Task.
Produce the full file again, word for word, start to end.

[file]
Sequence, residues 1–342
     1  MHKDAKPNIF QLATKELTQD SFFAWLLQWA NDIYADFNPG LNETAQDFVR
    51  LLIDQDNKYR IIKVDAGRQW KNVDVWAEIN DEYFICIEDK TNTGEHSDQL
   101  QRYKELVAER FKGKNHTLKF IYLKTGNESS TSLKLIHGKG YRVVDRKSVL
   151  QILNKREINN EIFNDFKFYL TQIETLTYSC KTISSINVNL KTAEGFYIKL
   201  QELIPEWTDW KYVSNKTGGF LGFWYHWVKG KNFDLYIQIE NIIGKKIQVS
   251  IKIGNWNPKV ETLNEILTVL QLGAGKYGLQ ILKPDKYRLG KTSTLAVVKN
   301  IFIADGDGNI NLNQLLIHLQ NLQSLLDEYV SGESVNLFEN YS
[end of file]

Sequence, residues 1–342
     1  MHKDAKPNIF QLATKELTQD SFFAWLLQWA NDIYADFNPG LNETAQDFVR
    51  LLIDQDNKYR IIKVDAGRQW KNVDVWAEIN DEYFICIEDK TNTGEHSDQL
   101  QRYKELVAER FKGKNHTLKF IYLKTGNESS TSLKLIHGKG YRVVDRKSVL
   151  QILNKREINN EIFNDFKFYL TQIETLTYSC KTISSINVNL KTAEGFYIKL
   201  QELIPEWTDW KYVSNKTGGF LGFWYHWVKG KNFDLYIQIE NIIGKKIQVS
   251  IKIGNWNPKV ETLNEILTVL QLGAGKYGLQ ILKPDKYRLG KTSTLAVVKN
   301  IFIADGDGNI NLNQLLIHLQ NLQSLLDEYV SGESVNLFEN YS